State Water Control Board says it has no authority to revoke pipeline certification
Members of the State Water Control Board quickly headed behind closed doors Friday, while opponents of the Mountain Valley Pipeline formed a prayer circle in the meeting room.
A large crowd had assembled at the hotel in Chesterfield County where the board held a meeting to consider revocation of a key pipeline permit. In the audience were both opponents and supporters. And they had to wait hours to hear what the board decided.
Union member Curtis Eaves came from Blacksburg to support the project.
"Nothing against none of the environmental people, or nobody else here you know," Eaves told WDBJ7. "We're here. We need to work, to do a job. And I just want to see when we can go back to work."
In the year since construction of the Mountain Valley Pipeline started, reports of excessive runoff and erosion have multiplied, leading the board to schedule Friday's meeting.
When board members returned to open session after four hours, they said they are still concerned about those problems, but are now convinced they do not have authority to revoke the water quality certification.
Opponents reacted with anger and disappointment.
"I believe that the action they began in December was exactly the right action," said David Sligh, Conservation Director of the group Wild Virginia.." We certainly believe they do have all of the authority they need to move forward."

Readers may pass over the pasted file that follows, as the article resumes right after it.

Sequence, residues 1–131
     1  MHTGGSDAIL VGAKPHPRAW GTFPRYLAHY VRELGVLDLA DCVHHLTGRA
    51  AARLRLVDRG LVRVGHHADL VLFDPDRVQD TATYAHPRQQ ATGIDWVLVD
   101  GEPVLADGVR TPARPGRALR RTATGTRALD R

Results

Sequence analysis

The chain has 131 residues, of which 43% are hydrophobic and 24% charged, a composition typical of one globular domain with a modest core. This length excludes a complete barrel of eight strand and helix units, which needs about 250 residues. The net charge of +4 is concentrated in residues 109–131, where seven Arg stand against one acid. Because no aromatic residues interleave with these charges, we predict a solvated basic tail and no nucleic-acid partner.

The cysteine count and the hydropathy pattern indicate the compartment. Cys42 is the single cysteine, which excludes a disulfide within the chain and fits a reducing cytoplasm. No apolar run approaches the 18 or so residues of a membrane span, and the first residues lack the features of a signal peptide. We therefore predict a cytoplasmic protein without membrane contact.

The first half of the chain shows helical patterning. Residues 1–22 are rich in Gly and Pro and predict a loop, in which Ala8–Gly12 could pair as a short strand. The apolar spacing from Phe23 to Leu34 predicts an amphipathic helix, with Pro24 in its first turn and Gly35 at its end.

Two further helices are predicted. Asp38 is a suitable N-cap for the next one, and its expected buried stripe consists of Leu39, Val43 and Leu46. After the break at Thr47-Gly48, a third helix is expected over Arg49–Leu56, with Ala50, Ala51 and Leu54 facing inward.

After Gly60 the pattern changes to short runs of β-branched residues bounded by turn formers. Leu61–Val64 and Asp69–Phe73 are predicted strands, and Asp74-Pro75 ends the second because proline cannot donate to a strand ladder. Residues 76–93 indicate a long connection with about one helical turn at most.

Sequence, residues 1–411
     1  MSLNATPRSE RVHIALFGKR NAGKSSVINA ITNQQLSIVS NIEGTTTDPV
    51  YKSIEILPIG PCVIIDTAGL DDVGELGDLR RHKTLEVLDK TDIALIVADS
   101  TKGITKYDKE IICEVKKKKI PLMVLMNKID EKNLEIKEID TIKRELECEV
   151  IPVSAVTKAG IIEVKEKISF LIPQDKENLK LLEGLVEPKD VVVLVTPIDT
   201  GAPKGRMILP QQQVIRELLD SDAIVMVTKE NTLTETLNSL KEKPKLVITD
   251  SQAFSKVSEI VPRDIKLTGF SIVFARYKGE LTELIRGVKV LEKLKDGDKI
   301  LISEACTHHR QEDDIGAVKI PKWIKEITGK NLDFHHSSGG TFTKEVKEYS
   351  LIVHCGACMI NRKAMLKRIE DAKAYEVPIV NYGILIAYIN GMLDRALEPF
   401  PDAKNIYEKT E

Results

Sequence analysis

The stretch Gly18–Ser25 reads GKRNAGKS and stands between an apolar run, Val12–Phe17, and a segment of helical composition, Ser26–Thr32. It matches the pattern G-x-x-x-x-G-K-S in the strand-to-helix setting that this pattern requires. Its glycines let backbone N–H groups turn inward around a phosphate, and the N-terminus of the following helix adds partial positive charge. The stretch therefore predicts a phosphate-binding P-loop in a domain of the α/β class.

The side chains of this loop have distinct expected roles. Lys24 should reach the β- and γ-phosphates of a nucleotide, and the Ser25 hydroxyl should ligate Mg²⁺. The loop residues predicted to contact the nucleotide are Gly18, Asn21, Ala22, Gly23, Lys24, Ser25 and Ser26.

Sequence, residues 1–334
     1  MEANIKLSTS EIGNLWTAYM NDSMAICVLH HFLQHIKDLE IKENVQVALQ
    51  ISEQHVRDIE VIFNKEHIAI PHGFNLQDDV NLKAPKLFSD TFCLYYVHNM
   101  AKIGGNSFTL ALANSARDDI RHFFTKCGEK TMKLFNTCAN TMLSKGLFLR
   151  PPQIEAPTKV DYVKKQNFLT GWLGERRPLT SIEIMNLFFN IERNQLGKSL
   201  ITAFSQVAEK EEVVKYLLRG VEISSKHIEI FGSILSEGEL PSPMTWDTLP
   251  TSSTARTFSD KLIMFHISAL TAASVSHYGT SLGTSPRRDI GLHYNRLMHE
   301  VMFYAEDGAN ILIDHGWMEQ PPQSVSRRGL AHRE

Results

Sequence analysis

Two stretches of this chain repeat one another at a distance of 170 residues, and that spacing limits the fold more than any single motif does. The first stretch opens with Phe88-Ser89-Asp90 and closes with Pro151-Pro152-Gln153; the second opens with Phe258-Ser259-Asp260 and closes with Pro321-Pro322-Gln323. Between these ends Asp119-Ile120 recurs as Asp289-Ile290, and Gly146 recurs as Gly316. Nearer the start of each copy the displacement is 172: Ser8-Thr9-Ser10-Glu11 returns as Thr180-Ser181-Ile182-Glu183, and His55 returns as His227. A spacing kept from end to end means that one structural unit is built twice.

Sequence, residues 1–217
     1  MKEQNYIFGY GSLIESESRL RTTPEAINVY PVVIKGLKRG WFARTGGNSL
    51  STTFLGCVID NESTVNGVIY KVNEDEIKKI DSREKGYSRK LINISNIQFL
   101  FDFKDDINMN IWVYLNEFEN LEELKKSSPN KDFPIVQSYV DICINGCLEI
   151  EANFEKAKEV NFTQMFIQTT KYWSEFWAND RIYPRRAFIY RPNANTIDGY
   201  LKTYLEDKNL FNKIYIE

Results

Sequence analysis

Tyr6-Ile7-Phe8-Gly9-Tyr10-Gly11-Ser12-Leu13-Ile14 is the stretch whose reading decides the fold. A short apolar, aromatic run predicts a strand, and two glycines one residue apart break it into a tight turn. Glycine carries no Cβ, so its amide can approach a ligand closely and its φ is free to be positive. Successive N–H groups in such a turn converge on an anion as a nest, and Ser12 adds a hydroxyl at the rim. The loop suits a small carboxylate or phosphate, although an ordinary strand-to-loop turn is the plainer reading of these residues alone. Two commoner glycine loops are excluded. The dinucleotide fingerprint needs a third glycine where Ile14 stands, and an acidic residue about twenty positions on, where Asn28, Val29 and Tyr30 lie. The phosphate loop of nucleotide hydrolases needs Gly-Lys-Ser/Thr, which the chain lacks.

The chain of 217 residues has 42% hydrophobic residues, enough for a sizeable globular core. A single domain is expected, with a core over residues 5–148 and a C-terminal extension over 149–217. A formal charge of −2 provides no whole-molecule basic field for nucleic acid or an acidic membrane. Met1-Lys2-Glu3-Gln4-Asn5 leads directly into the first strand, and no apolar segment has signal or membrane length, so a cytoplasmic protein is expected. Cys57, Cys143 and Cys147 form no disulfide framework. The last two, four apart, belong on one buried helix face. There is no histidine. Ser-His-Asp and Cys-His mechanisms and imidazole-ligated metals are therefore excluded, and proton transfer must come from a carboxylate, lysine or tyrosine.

"I thought that as a citizens board, after what we were offered in December, that they might actually do the right thing," said pipeline opponent Mara Robbins. "And instead, what did they do? Worse than nothing."
A spokesperson for the Mountain Valley Pipeline said the company is pleased with the board's decision, and reaffirms its commitment to working with state regulators to ensure environmental compliance.
Following is the company's complete statement:
"On Friday, March 1, 2019, the Virginia State Water Control Board (SWCB) voted unanimously to end its consideration of whether to revoke the Water Quality Certification that the Board issued for the Mountain Valley Pipeline (MVP) project in December 2017.
The Board acknowledged the legal concerns associated with revocation and recognized the importance of the additional protections incorporated in its approval. Mountain Valley is pleased with the Board’s decision and we appreciate and respect the comprehensive permitting process established by the SWCB and Virginia Department of Environmental Quality (VA DEQ). The MVP project team reaffirms its commitment to work with the SWCB and VA DEQ to ensure environmental compliance throughout the remainder of the project and will maintain a steadfast focus on complying with all state and federal regulations.
Construction of the MVP project is approximately 70 percent complete, and we remain committed to completing the remaining work as permitted in a safe and responsible manner in order to bring the project into service by the end of this year.:"
Meanwhile, opponents say their fight will continue.
They are now calling on Attorney General Mark Herring to file an emergency injunction to stop work on the project.